I think having faith in something bigger than yourself is a really comforting and beautiful thing. I respect all religions because I understand the need for a higher power. I think it’s innate in all of us because it is easier to believe that someone out there is looking out for us and knows what we’re struggling with, instead of dealing with our problems all on our own.
I want to believe in “God,” or some higher power, and sometimes I do. Other times, I have so many doubts and only the science that we know makes sense to me.
I didn’t grow up in a very religious household. Both of my parents believe in God, and my Dad grew up going to church. I don’t think either of them really got a lot out of going, however, and didn’t really push it onto me and my siblings. We didn’t start regularly going to church until I was six and we stopped when I was about 10 or 11. I definitely learned a lot of what most kids that grow up going to church know, but it never really became something in me that I felt compelled towards. Most of it was probably because I was too young to really grasp the whole concept, but I could also tell that my Dad was fairly turned off by the idea of religion. Don’t get me wrong, he’s a very philosophical thinker and I think he understands and maybe even believes in God or some kind of higher power, but he does not like organized religion as a whole. I didn’t fully understand that until later in my life, but I think he has some validity in feeling that way, which I’ll get into.
I didn’t actually feel like I had any kind of relationship with God until I started going to a religious club in high school called “Younglife.” I’m not going to extensively bash them or say that they ruined my views on religion, because that isn’t completely true. I do have some really fond memories associated with that time of my life because of going, but for the most part, I experienced a lot of subtle judgment and felt like there was a “holier than thou” mentality from a lot of people. I felt like I really developed my relationship with God while at one of their camps, and it was a really eye-opening and important moment for me, but afterward I still felt like I was missing something. I didn’t have that same devoted faith like a lot of my friends did and I didn’t understand why I couldn’t just believe fully and not question anything.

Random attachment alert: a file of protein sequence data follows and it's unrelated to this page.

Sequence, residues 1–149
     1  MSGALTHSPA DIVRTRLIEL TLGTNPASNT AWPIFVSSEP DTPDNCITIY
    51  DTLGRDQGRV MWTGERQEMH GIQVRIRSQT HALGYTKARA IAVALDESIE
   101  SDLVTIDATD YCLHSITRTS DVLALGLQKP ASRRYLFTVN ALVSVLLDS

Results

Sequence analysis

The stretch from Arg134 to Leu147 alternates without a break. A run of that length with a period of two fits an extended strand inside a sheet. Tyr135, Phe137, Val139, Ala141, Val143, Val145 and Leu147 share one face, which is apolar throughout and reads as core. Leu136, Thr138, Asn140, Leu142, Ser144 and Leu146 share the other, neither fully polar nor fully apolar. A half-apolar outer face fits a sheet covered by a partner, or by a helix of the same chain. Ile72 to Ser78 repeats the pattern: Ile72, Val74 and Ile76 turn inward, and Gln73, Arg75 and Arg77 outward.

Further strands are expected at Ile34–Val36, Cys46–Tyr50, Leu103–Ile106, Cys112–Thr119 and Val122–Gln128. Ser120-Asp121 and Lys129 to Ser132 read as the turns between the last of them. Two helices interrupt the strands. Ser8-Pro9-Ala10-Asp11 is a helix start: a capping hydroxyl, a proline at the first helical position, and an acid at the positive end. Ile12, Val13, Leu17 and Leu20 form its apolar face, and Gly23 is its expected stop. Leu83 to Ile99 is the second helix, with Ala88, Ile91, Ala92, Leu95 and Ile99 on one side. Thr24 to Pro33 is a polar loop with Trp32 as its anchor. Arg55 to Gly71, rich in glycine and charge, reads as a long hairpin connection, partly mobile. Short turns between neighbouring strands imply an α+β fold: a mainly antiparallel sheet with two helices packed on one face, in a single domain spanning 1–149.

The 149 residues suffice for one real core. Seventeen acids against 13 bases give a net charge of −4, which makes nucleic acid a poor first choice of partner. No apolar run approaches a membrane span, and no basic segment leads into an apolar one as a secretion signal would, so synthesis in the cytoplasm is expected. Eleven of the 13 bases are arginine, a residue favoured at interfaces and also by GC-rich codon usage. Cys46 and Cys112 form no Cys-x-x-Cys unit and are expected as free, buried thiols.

I have also always struggled with the scientific aspect of it. To me, it doesn’t seem feasible that there is this “being” up in the sky that somehow controls us and the world as a whole. I also don’t really know if I think the Big Bang could have created the world. No one explanation seems extremely likely to me. I have a hard time trusting in something that I can’t see, can’t hear, and can’t feel the presence of in my day-to-day life. Whenever I have prayed, it just doesn’t feel like anyone is at the other end listening to me.
Since I’ve been in college, I haven’t really felt strongly one way or another. I still feel really doubtful about a lot of aspects of religion and I understand now why my Dad felt disenchanted with organized religion. I am in no way saying that this is the case for all religious people, but I find that there’s so much hypocrisy and judgment in organized religion. I know so many religious people who are accepting and kind to others, but I also know a lot that aren’t. I don’t think this is the fault of religion. Most preach kindness, acceptance, and selflessness, and I myself love that about it. I just don’t always like the “church’s” interpretations or adaptation of that.
Nevertheless, I understand and appreciate religion for what it is, and I hope someday I can discover it in a way that works for me. I think there are a lot of young, religious people today that are straying away from the traditional ways and adapting them to our current way of life and I am excited to see how the organized religion we know now is adapted because of that.